"Stranger, you and your teamsters kin camp here in my yard tonight behind the palisade," Castleman offered. "A Comanche war party has been reported up north of here, and you'd be in bad shape if they showed up down there at the lake. There's plenty of well water and wood here, and in case of attack we'd have a better chance to defend your property and mine."

The Frenchman declined, however, remarking that they had not seen any Comanche signs along the trail. His Mexican hands were well armed and were experienced Indian fighters as well. And besides, he didn't wish to endanger his benefactor any more than necessary, for he knew that mules and horses attracted Comanches like buzzards to carrion.

So Gressier and his teamsters drove the caravan down to the cedar brake where they parked the carts in a defensive perimeter, unharnessed the teams, watered and hobbled the mules, and allowed them to graze, after which they settled down for the night.

Gressier's cargo, although not discernible to the casual eye, was only slightly less attractive to marauders than his mule teams. The packs were filled with axe heads, hammers, knives, hoes, scissors, needles, and just about every hardware item that a frontier merchant required. The carts carried casks of green coffee, kegs of whiskey, dozens of bolts of cheap cotton prints, calico, alpaca, and muslins, yarn and knitting needles, boxes of spooled thread of every hue, hogsheads of tobacco, and many other frontier necessities.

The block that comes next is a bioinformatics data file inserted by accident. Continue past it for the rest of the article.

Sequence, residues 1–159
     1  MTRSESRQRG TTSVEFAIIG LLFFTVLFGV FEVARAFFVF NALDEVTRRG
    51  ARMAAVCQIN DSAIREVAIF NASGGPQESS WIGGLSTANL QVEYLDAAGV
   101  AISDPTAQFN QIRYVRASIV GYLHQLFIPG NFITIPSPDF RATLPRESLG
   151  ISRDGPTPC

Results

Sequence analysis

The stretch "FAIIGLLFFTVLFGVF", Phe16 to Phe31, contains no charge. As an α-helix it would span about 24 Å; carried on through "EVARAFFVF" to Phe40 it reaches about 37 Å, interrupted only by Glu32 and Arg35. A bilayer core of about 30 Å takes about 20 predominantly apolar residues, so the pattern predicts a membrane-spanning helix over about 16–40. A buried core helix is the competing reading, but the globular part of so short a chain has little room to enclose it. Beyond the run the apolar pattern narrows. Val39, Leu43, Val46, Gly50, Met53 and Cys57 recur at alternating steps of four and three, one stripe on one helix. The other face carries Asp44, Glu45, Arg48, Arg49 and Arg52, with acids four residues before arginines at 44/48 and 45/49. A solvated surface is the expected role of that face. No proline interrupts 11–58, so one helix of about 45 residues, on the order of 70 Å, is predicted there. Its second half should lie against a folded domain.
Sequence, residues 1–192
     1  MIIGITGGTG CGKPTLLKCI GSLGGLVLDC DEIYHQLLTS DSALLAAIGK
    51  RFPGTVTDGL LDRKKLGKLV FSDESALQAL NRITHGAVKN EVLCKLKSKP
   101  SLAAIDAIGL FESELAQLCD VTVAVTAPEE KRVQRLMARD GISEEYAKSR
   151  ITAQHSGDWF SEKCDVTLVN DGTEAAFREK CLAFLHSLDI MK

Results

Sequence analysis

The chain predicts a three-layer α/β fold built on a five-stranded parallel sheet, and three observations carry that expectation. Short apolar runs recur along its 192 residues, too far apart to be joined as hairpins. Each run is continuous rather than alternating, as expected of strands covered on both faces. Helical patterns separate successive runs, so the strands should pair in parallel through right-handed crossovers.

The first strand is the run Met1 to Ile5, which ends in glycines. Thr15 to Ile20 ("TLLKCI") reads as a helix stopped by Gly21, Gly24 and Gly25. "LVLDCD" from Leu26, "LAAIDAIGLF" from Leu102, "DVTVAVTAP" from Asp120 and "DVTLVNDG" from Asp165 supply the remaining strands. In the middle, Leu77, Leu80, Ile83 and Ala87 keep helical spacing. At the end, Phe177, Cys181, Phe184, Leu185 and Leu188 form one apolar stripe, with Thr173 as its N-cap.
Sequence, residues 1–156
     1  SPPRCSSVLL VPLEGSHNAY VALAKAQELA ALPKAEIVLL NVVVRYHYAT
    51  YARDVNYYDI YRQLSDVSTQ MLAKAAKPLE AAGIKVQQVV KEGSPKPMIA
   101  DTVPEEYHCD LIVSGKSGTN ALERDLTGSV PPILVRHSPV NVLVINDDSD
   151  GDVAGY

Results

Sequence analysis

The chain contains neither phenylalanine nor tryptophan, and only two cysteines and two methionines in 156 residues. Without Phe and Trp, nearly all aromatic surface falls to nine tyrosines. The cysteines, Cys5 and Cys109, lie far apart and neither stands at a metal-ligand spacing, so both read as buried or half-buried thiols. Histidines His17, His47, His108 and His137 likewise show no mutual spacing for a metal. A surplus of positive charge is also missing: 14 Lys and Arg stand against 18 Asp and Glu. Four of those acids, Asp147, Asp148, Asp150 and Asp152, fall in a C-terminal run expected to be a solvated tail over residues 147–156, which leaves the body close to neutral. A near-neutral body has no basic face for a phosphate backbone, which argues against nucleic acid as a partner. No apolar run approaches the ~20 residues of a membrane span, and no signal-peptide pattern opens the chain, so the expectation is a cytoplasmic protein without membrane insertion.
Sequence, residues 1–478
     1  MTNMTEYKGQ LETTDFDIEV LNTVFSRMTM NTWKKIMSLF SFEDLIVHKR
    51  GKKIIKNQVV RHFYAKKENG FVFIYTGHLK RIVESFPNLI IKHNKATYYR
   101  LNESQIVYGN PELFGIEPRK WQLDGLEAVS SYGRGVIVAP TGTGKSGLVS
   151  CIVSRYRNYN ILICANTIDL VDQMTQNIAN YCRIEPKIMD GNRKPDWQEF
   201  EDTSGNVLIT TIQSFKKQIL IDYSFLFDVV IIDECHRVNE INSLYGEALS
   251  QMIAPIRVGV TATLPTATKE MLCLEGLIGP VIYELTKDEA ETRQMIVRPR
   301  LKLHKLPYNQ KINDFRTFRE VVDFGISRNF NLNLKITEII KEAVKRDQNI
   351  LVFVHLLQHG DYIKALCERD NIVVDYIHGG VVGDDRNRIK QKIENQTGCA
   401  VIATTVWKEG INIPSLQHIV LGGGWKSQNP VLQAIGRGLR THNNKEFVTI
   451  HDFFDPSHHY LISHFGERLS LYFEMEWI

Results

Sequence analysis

As darkness approached, Castleman barred his shutters and doors, secured his household and livestock, and retired for the night.

Dawn came amid a din of war whoops and musket fire. Even before the first rays of light punctured the horizon, a war party of Comanches were preparing to water their horses when they unwittingly stumbled into the Frenchman's campsite. The Mexican teamsters were not totally unprepared. At their sides lay an asortment of loaded muskets and pistols, and when the first sound of Comanche voices and pony hoofs disturbed their slumber, the Mexicans loosed a volley of shot which sent the warriors scurrying for cover.

Before the war party could recover from its initial shock, Gressier and his men hurriedly overturned the carts in a triangle, stacked casks, packs, and bolts of cloth about as breastworks, and with all their muskets reloaded, they cautiously awaited the attack that was certain to come.